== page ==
Improper pruning is the most common reason for pink forsythia not blooming, as pink blooms are produced on one-year-old wood. To avoid removing the buds that would have produced deep pink flowers, pruning should be done after the plant has bloomed.
February Daphne (Daphne Mezereon)
February daphne (Daphne mezereum) is a small upright shrub that can grow up to 3-5 feet in height and width. The plant has soft, spirally arranged leaves and produces bright purple-pink blooms in February and March in its native European range. It also bears a poisonous bright red berry as fruit, and all parts of the plant can be harmful to humans. Handle the plant with care to avoid skin irritation or ingestion.
To care for February daphne, plant it in a partially shady to full shade location with protection from the wind. Full sun can cause leaf scorching. The plant prefers moist, organically rich, sandy alkaline soils and is hardy to zone 4. Water it regularly during dry spells and fertilize it with a balanced fertilizer once in early spring. Prune after flowering to maintain its shape and remove any dead or damaged wood.
Japanese Quince (Chaenomeles japonica)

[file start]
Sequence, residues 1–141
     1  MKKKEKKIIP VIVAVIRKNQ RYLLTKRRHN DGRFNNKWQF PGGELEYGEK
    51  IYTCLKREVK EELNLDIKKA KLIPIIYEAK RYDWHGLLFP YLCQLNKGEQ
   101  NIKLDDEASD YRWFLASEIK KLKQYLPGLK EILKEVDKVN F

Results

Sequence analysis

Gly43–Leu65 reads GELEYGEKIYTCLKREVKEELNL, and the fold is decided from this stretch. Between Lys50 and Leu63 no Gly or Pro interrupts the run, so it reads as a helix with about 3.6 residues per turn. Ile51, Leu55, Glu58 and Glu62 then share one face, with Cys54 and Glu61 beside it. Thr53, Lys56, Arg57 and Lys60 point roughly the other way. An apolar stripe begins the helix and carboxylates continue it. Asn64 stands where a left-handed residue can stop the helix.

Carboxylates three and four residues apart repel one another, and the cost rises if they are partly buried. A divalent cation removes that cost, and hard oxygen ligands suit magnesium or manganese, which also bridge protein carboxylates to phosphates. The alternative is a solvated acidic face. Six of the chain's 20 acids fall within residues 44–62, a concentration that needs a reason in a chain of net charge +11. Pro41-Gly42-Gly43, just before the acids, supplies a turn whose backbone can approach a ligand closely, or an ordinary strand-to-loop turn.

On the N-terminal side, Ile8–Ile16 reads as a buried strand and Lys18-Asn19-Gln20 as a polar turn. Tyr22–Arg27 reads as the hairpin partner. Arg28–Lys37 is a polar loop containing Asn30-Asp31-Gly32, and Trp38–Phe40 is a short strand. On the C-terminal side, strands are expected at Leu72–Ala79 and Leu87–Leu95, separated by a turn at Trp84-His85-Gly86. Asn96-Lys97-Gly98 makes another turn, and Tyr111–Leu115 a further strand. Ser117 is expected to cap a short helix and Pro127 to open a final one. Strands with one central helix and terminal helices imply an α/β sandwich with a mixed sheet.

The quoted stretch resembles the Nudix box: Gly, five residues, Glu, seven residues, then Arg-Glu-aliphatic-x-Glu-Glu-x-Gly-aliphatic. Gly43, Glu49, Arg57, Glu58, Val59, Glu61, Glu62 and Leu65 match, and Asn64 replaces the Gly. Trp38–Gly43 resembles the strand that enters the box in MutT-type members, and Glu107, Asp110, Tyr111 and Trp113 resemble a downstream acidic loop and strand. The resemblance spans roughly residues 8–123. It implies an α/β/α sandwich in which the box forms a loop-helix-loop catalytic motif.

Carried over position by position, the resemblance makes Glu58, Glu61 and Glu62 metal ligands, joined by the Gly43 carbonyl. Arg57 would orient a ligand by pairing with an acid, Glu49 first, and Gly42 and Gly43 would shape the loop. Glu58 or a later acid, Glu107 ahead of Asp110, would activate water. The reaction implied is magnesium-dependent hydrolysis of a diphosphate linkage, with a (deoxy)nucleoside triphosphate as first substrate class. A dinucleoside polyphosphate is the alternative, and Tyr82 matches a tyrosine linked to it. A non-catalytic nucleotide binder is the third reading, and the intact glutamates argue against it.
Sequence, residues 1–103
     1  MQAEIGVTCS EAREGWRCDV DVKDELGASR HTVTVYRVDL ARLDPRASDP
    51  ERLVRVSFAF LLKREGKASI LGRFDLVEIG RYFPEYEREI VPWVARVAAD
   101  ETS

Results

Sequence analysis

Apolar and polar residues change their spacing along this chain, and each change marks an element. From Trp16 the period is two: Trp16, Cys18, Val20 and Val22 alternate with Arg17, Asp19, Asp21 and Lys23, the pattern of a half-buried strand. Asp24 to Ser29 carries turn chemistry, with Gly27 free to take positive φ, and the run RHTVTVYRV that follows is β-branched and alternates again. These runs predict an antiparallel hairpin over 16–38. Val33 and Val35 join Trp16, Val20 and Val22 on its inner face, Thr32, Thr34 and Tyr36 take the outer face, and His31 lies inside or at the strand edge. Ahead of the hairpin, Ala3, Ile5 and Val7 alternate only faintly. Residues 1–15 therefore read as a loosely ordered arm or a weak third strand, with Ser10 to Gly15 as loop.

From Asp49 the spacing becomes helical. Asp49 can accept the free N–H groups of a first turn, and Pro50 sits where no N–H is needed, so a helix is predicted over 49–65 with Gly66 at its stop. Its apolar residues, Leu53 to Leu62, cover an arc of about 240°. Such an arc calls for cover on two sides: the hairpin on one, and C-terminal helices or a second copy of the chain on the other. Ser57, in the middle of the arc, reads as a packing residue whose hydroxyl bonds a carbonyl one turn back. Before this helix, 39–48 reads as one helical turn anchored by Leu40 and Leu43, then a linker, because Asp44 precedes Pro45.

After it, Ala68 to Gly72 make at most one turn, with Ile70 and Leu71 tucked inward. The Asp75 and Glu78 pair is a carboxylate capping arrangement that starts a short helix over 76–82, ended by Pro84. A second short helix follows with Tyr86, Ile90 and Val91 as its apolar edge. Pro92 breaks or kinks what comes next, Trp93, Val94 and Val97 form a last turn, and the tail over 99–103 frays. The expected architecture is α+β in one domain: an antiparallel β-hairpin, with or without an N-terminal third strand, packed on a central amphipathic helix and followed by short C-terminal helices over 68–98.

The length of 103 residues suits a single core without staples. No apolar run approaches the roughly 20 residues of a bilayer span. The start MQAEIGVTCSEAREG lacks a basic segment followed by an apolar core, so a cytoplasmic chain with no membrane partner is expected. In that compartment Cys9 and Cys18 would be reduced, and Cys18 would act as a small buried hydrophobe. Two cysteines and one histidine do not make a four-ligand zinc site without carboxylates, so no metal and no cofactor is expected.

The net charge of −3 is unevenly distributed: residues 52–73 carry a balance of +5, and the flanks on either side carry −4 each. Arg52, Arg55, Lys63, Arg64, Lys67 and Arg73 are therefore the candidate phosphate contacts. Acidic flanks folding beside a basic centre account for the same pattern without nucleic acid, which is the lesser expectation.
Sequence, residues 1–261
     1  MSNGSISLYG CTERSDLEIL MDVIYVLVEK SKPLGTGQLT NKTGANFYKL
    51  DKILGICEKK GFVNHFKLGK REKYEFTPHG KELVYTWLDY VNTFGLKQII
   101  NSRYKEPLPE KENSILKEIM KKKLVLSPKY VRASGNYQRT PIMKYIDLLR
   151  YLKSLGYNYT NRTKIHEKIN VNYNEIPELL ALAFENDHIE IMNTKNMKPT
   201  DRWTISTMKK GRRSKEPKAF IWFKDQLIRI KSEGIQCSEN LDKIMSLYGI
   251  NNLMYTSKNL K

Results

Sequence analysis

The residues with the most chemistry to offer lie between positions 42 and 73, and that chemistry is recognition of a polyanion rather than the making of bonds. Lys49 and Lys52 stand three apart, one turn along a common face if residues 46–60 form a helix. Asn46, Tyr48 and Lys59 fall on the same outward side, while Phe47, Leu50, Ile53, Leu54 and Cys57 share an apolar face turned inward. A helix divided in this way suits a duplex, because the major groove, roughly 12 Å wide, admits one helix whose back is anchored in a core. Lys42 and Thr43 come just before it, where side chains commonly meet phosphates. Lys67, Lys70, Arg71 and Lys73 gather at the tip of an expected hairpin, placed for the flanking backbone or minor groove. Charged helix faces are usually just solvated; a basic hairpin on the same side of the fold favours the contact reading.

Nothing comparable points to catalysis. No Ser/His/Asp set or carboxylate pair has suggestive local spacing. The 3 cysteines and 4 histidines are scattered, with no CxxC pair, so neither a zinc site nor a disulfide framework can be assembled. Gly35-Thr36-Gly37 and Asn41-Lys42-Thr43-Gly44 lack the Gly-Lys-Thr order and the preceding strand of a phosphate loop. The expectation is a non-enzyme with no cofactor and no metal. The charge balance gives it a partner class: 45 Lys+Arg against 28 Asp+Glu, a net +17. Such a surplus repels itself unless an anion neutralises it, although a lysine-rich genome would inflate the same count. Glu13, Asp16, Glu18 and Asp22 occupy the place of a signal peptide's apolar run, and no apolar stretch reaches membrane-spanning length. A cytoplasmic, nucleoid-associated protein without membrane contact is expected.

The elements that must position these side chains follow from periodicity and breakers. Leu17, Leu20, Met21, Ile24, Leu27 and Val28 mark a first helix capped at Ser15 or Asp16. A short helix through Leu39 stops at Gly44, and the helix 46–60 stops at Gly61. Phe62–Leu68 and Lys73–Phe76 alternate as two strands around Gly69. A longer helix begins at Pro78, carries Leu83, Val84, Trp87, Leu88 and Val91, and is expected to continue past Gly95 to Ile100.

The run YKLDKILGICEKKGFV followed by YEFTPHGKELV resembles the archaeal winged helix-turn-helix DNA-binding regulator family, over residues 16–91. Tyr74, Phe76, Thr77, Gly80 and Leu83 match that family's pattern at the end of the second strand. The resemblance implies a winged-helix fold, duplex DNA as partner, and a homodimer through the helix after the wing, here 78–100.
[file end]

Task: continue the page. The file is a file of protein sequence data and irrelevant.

Japanese quince (Chaenomeles japonica) is a deciduous shrub with tangled gray-brown twigs and abundant clusters of bright orange-scarlet flowers that can reach up to 1.5 inches across. This plant is native to Japan and is a low-maintenance shrub that prefers full sun to partial shade and well-drained soil. Japanese quince can tolerate drought once established but prefers regular watering during dry spells. To maintain its shape and remove any dead or damaged wood, prune it after flowering.
Although the Japanese flowering quince is a showy and low maintenance shrub, it is not as widely available commercially as other flowering shrubs because it is not as ornamental. Nonetheless, it can be paired with a variety of companion plants. Some recommended companion plants for Japanese quince include Oriental fountain grass, hellebores, and flowering almond. Forsythia is also a good companion plant for flowering quince because the golden blooms arrive at just about the same time as the quince flowers. Other shrub and tree companions for Japanese quince include spirea, mock orange, pyracantha, and abelia.
Pink Abelia (Abelia cv. Edward Goucher)